### All MCAT Biology Resources

## Example Questions

### Example Question #1 : Other Evolution Principles

Inbreeding reduces the fitness of a population. This is the result of which increased genetic effect of inbreeding?

**Possible Answers:**

Levels of aggression

Expression of deleterious recessive traits

Rate of spontaneous mutation

Genetic diversity

**Correct answer:**

Expression of deleterious recessive traits

Inbreeding increases the expression of recessive traits due to more heterozygous carriers mating with each other. As the same individuals mate, the chance of a homozygous recessive child increases. This is the same as estimating the likelihood of a single healthy child from two carrier parents (0.75) versus eight healthy children from two carrier parents (0.10).

Inbreeding decreases genetic diversity, rather than increasing it. The rate of spontaneous mutation is not impacted by this type of breeding. There is no reason to infer increased levels of aggression.

### Example Question #5 : Understanding Hardy Weinberg Equilibrium

Which is not a necessary condition for the Hardy-Weinberg equation to be true?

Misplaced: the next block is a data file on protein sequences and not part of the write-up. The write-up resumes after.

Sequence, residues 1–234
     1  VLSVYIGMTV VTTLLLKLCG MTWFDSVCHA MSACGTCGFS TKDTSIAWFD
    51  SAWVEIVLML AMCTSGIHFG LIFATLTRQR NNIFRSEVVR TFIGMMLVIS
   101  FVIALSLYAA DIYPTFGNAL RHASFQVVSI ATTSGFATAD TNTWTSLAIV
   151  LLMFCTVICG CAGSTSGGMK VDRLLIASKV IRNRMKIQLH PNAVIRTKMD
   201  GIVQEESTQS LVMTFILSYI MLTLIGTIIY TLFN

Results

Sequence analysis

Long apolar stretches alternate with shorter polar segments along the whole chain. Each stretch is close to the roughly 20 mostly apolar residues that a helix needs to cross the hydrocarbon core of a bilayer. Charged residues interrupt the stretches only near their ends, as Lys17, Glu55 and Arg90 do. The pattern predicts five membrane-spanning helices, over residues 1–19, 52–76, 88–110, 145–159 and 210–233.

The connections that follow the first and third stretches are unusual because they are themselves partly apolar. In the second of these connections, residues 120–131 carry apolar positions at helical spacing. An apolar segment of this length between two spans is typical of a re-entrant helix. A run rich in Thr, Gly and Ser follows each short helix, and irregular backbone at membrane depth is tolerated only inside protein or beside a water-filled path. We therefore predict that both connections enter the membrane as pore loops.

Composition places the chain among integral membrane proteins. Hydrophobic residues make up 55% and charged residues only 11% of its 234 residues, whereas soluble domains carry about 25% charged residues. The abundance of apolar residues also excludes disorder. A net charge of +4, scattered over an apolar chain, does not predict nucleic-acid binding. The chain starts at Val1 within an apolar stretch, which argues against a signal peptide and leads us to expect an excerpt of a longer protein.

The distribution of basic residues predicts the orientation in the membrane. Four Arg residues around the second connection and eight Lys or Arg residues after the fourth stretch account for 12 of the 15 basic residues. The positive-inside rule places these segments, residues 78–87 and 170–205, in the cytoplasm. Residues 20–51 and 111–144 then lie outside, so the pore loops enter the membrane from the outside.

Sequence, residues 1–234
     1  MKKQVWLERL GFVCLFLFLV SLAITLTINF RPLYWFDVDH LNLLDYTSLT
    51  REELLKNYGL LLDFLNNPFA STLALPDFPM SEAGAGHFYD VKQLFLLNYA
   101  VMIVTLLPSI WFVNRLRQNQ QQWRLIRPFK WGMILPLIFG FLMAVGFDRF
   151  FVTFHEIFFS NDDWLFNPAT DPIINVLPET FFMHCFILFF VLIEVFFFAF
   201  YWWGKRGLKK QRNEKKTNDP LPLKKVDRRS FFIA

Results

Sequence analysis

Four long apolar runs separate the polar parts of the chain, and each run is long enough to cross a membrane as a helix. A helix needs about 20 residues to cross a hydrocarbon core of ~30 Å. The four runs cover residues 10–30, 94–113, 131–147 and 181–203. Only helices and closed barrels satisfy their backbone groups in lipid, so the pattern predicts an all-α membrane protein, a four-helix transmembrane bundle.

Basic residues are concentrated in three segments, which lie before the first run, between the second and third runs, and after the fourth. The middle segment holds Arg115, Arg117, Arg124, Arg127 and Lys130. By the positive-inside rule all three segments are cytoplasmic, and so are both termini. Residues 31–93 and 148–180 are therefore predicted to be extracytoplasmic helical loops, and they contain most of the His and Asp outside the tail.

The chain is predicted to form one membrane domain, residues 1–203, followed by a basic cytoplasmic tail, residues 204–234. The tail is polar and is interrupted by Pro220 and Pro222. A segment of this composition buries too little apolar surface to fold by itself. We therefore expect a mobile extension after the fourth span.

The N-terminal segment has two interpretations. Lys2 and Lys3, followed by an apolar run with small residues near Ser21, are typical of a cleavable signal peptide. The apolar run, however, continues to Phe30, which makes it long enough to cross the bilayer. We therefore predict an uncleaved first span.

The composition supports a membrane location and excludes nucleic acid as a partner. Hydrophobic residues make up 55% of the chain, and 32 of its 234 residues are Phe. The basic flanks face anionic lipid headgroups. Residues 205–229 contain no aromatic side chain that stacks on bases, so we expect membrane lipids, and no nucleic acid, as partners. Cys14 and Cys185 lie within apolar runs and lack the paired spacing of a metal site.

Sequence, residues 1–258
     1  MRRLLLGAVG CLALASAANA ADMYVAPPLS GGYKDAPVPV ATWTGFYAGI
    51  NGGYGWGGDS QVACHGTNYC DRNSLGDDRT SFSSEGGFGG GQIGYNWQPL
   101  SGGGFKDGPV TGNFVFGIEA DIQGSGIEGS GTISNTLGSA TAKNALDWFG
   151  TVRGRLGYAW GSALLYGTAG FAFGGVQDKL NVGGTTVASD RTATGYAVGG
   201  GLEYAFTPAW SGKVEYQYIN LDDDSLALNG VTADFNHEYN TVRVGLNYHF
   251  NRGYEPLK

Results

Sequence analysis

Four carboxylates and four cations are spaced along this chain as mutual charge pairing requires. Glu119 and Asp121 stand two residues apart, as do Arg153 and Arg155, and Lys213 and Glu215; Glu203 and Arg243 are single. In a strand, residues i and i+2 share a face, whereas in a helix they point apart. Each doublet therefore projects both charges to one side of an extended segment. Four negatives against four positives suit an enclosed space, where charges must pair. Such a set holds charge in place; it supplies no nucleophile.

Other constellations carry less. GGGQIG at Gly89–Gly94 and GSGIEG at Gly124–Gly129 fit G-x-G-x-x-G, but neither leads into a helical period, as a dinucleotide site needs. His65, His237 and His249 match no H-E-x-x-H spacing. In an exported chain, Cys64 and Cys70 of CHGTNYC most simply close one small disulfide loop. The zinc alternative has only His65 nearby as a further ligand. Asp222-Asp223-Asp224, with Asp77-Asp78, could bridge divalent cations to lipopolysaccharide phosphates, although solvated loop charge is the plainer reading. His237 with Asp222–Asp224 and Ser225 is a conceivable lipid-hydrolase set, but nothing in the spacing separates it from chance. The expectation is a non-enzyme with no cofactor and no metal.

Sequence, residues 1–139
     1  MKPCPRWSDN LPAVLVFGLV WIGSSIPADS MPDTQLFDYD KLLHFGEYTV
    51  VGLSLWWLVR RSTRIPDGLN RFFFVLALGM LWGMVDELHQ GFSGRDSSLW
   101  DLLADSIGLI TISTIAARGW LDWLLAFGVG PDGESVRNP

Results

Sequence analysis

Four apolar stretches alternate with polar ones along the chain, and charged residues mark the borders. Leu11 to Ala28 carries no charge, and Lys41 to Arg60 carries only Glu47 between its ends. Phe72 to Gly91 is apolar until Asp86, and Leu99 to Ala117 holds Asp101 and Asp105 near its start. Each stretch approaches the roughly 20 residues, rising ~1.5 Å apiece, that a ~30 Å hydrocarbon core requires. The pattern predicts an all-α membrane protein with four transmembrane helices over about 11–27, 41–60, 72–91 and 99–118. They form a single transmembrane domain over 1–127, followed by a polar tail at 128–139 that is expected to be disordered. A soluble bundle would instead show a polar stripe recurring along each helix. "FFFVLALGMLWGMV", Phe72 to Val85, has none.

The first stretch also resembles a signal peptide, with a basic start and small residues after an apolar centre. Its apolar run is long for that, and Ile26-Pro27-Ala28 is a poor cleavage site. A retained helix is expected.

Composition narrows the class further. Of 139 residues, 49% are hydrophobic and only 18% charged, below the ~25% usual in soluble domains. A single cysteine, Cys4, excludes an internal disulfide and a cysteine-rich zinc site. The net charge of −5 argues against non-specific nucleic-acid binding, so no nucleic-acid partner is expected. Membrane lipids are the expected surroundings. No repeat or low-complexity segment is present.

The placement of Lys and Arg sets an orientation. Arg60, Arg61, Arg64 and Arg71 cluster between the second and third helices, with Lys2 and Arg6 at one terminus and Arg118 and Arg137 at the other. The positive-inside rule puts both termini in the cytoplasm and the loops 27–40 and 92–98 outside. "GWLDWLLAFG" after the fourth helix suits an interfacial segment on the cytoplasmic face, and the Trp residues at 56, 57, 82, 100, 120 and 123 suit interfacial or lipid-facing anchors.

**Possible Answers:**

No net migration of individuals into or out of the population

Small population

No natural selection

No mutations in the gene pool

Random mating

**Correct answer:**

Small population

For the Hardy-Weinberg equation to be true, the population in question must be very large. This ensures that coincidental occurrences do not drastically alter allelic frequencies.

### Example Question #4 : Understanding Hardy Weinberg Equilibrium

In a population that is in Hardy-Weinberg equilibrium, the frequency of homozygous dominant individuals is 0.36. What is the percentage of homozygous recessive individuals in the population?

**Possible Answers:**

**Correct answer:**

The two equations pertaining to Hardy-Weinberg equilibrium are:

In this second equation, each term refers to the frequency of a given genotype. is the homozygous dominant frequency, is the heterozygous frequency, and is the homozygous recessive frequency.

From the question, we know that:

We now know the dominant allele frequency. Using the other Hardy-Weinberg equation, we can find the recessive allele frequency:

Returning to our genotype frequency terms, we can use this recessive allele frequency to find the homozygous recessive frequency:

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